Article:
FAIRBANKS — For a state officially in recession, the traditional economic indicators of Alaska’s economy are showing a remarkable resiliency, Northrim Bank economist Mark Edwards says. Edwards and other Northrim officials presented the bank’s 2016 economic overview in a presentation in Fairbanks on April 11, with similar events to be held in Juneau on April 12 and Anchorage on April 14. The usual ways of measuring economic performance — unemployment, home foreclosure and delinquency rates, and building permit activity — don’t yet reflect an economy going over the cliff, Edwards said. That’s not to say there hasn’t been pain, particularly in oil and gas, construction and professional services. Also, those are high-wage sectors and the loss of jobs there will have ripple effects because of less discretionary income spending in fields like leisure, recreation and entertainment, Edwards said. In opening the Fairbanks presentation, Northrim CEO Joe Schierhorn underscored the importance of the Legislature acting this year on solutions to solve a recurring $3 billion a year state fiscal deficit. “We are on record supporting a comprehensive solution including use of Permanent Fund income, measured spending and a broad-based tax,” Schierhorn said. Northrim has held that position for several years now, including endorsement of the broad-based tax. This position puts the bank at odds on this with some business groups, like the Alaska Chamber, which are lobbying against the income tax proposed in the House. The state now gets the bulk of its revenue from oil and gas, but those have been hit hard by a sharp decline in oil prices. On the economy, Edwards said preliminary data shows the state lost 7,600 jobs 2016, or 2.4 percent, with about 3,100 of the jobs lost in Southcentral Alaska and 2,800 in the state’s northern region, mainly in North Slope oil and gas. The Interior region, mainly Fairbanks, saw a loss of 700 jobs. Southeast lost 600, Edwards said. Oil and gas was hit hardest, down 3,100 statewide, or 23.5 percent; construction was down1,200 jobs. Professional and business services, a field that includes engineers, saw a loss of 1,300 jobs, or 4.6 percent. Health care, in contrast, boomed, adding 900 jobs or 2.6 percent. Tourism also did well in 2016 and will do so again in 2017. “This has been a tough time for a lot of people, however. We haven’t had to deal with a major recession since the 1980s, and we’re not there yet with this one,” meaning the scale of the 1980s downturn, Edwards said. The state still has a lot of advantages, however, mainly its land base and natural resource wealth. “Basically, we just have to get our act together. We have all the tools we need for a recovery,” he said. State government can do structural reforms to help that, such as streamlining regulatory requirements. Availability of skilled labor is also a concern the state can help with, through education and training. “We need to ensure we have the right skill sets to take advantage of opportunities,” Edwards said. Alaska Native corporations will also help stabilize things because they bring in revenue from out-of-state investments and through the spending of dividends paid to shareholders. Although higher than the nation, the state’s unemployment, 6.7 percent in December, is basically stable and is within historical ranges, Edwards said in Fairbanks. “U.S. unemployment rates have been more volatile over the last 20 years. National rates were as low as 3.9 percent and as high as 9.9 percent, whereas Alaska stayed within a much tigher band, reaching a low of 6.3 percent and a high of 7.9 percent,” Edwards said. Other indicators were stable, too. Home foreclosures and mortgage delinquencies are some of the lowest in the nation, he said. Building permits reached 1,503 in 2016, up 16 percent from the prior year. The bulk of the units built were for single-family housing but about 20 percent was for multi-family units of five units or more, according to Northrim’s report. In 2012, only 868 permits were issued statewide, reflecting a lingering effect of the 2008 recession. Overall, “the number of building permits for new, privately-owned housing of one to five-unit buildings remained relatively low for the tenth straight year,” Edwards said. Building permits were still below the average of 2,781 new units per year in Alaska during the prior decade, before the national recession hit. Per capita income in the third quarter of 2016 was eighth-best of the 50 states, at $55,588. That compared with $49,681 at the national level. However, total income in Alaska declined 0.7 percent in the third quarter, to $41.1 billion, compared with total income in third quarter 2015. Speaking on Fairbanks itself, Edwards said apartment rents in the Interior city were generally stable, at about $1,100 per month, on average. It was down marginally 0.6 percent from 2015. Fairbanks home sales prices climbed 3 percent in 2016, to $230,289 on average. In Anchorage, home prices increased over four consecutive years from $321,958 on average in 2011 to $366,836 in 2015. Average prices dropped in 2016 by 0.2 percent to $366,080, according to the report. The state’s economy is strong in other ways, Edwards said. For example, many properties are owned by people with large invested equity, who have financial capability because of that to absorb lower lease or rental revenues. There has been no uptick in distressed properties according to Edwards. Tim Bradner is co-publisher of Alaska Legislative Digest and a contributor to the Journal of Commerce. He can be reached at [email protected]

PacRim owners shelve Chuitna coal mine plans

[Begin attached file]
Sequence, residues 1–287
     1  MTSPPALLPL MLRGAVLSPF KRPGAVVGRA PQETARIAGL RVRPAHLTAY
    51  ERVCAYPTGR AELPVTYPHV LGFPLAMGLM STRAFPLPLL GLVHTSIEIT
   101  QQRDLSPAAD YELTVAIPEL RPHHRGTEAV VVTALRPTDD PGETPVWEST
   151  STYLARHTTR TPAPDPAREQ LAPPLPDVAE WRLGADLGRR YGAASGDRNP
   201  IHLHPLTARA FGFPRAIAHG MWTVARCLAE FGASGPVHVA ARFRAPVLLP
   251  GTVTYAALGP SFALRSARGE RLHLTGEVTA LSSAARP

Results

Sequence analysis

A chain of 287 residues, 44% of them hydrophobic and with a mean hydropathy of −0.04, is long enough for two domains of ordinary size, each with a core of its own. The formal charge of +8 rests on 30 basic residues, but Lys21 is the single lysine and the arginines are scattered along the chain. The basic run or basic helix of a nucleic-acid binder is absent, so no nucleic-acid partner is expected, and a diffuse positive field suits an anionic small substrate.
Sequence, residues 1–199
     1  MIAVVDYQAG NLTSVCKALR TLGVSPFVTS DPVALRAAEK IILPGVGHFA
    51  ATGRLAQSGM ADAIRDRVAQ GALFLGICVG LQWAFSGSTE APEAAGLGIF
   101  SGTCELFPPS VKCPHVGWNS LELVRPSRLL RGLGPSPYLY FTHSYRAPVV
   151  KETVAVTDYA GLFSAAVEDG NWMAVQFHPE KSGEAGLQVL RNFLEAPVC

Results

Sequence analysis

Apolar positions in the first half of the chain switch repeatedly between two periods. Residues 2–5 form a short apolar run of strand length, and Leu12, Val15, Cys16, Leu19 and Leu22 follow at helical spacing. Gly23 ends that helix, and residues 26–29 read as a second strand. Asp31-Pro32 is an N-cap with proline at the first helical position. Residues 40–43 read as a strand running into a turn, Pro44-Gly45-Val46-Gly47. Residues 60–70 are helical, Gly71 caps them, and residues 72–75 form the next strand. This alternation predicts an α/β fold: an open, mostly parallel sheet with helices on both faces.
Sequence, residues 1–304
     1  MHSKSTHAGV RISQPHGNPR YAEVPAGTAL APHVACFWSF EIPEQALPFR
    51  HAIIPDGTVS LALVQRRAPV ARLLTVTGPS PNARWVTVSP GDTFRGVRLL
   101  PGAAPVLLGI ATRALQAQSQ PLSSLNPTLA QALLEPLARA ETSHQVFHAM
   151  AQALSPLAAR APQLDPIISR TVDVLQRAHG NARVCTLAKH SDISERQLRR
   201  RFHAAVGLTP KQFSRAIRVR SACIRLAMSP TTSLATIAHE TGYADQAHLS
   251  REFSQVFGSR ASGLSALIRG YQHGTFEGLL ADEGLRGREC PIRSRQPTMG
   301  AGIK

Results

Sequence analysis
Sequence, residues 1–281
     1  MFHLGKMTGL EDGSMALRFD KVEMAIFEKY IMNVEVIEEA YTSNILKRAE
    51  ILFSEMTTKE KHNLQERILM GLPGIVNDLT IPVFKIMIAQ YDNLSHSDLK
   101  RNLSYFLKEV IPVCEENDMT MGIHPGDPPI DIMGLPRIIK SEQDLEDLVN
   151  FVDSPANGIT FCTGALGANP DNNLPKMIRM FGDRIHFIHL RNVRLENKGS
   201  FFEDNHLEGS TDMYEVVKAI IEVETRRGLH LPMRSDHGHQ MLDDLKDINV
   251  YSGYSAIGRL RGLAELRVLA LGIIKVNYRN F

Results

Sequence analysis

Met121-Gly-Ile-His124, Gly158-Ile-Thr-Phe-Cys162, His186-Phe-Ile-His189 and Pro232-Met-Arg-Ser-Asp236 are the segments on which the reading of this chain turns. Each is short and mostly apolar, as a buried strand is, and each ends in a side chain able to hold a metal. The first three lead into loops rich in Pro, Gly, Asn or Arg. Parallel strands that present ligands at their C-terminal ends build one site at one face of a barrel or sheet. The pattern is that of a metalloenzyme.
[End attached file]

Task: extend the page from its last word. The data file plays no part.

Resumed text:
PacRim Coal’s plan for a 12.5 million-tons per year export coal mine has been put on hold, very likely ending work to develop the mine that has spanned decades. PacRim, an affiliate of Dallas-based Hunt Oil Co., has withdrawn from a lengthy quest for regulatory approvals for its Chuitna Coal Project, a spokesman said. The project is in the Beluga coalfields on the west side of Cook Inlet, 50 miles west of Anchorage. “Following several months of internal review and discussions, the partners in PacRim Coal, LP have decided to suspend pursuit of its permitting efforts to invest in other projects,” company vice president Joe Lucas said in a statement. Lucas said the company isn’t yet ready to say the project is dead, but “will be clarifying its intentions with the relevant agencies,” including the landowner, the State of Alaska’s Mental Health Trust Land Office. State officials were notified March 31 of the decision to withdraw from preparations of a state surface mining permit, said Russ Kirkhan, chief coal regulator in the state Department of Natural Resources. The decision by the owners, the Hunt family, was made the March 21, the state was told. The action came as a surprise as PacRim had been working on its state application as recently as two weeks ago, Kirkhan said. PacRim had been working on a draft environmental impact statement, or EIS, with the U.S. Army Corps of Engineers as lead agency. The Corps had put the EIS work on hold last November to allow the company to complete its application for the state surface mine permit, a Corps spokeswoman said. A complication for PacRim has been an extended permitting process and regulatory uncertainties caused by impacts of a surface mine development on local salmon streams. This also stirred opposition from environmental groups and residents of Tyonek, a nearby Alaska Native village. About 300 million tons of subbituminous coal reserves had been confirmed by PacRim’s drilling in a 5,000-acre area, but the region, known as the Beluga coal deposit, is estimated to potentially hold several billions tons of coal. While the coal is low-rank it has very low sulfur content, which makes it attractive as a blend stock to enable coal-fired power plants to meet air emissions standards. Usibelli Coal Mine Inc. now mines similar low-rank coal at its mine at Healy, and has exported coal to power plants in Asia and to Chile for use as blend-stock, although most of Usibelli’s production is sold to power plants in Interior Alaska. It has shipped only one export load in the last two years and the Alaska Railroad has shut down its coal terminal at Seward. PacRim wouldn’t say what motivated its decision but the continued outlook for a soft Pacific steam coal market and the political drag created by environmental opposition were no doubt contributing factors. The company has worked on the project since the 1970s and at one time, in 1990, it was fully permitted and ready to build. A slump in Pacific coal markets caused the Hunts to put a pause on construction, and when markets recovered and planning resumed, most of the permitting and environmental work had to be redone. State-owned lands in the area are held by the state Mental Health Trust Authority. An estimated $300 million in coal production royalties the project would have produced would have gone to the authority, which funds state programs for mental health and the disabled. Alaskans expressed disappointment in PacRim’s decision. “The Chuitna Coal Project would have provided many economic benefits to Alaskans, including an estimated construction cost of $750 million dollars, employing up to 500 workers over the two-year construction phase,” said Marleanna Hall, director of the Resource Development Council of Alaska. “It would have employed 350 people in production with an annual payroll of $35 million dollars. These are good, family-wage paying jobs.” The project has seen about $150 million spent on it with around $50 million of that in the last decade. “It’s unfortunate to have this investment no longer coming to Alaska,” Hall said. Local environmental groups took the opposite position. “This was a bad deal all around for Alaskans. It would have set a horrible precedent for mining through salmon streams,” said Bob Shavelson, director of Cook Inletkeeper, a local environmental watchdog, a reference to PacRim’s plan to temporarily divert, but then restore, several miles of a salmon-bearing stream. Tribal leaders at Tyonek voiced similar feelings. “Our waters are safe now! We can fish our river without any worries of harmful effects to our fish as well as the wildlife that surround the waters of our river,” said Arthur Standifer, Tribal president of the Native Village of Tyonek. Not everyone in Tyonek village shared that view. Leo Barlow, CEO of Tyonek Native Corp., the community-owned development corporation, said, “PacRim was a great company to work with. They have spent a lot of money and many years in planning, and had developed some pretty innovative strategies, such as moving coal in containers in ways that would eliminate dust and pollution. They hired our shareholders and consulted with us frequently.” In recent years, two companies have explored other ways of commercializing the Beluga. Cook Inlet Region Inc., the Anchorage-based Alaska Native regional corporation for Southcentral, owns extensive coal lands in the area and has done test drilling and planning for underground coal gasification, a process that would manufacture a coal synthesis gas through a combustion in deeply-buried coal seams. The gas could then be used in power generation or other uses. Australia-based Linc Energy, an independent, also conducted test drilling. Neither entity developed a project, however. Tim Bradner is co-publisher of Alaska Legislative Digest and a contributor to the Journal of Commerce. He can be reached at [email protected]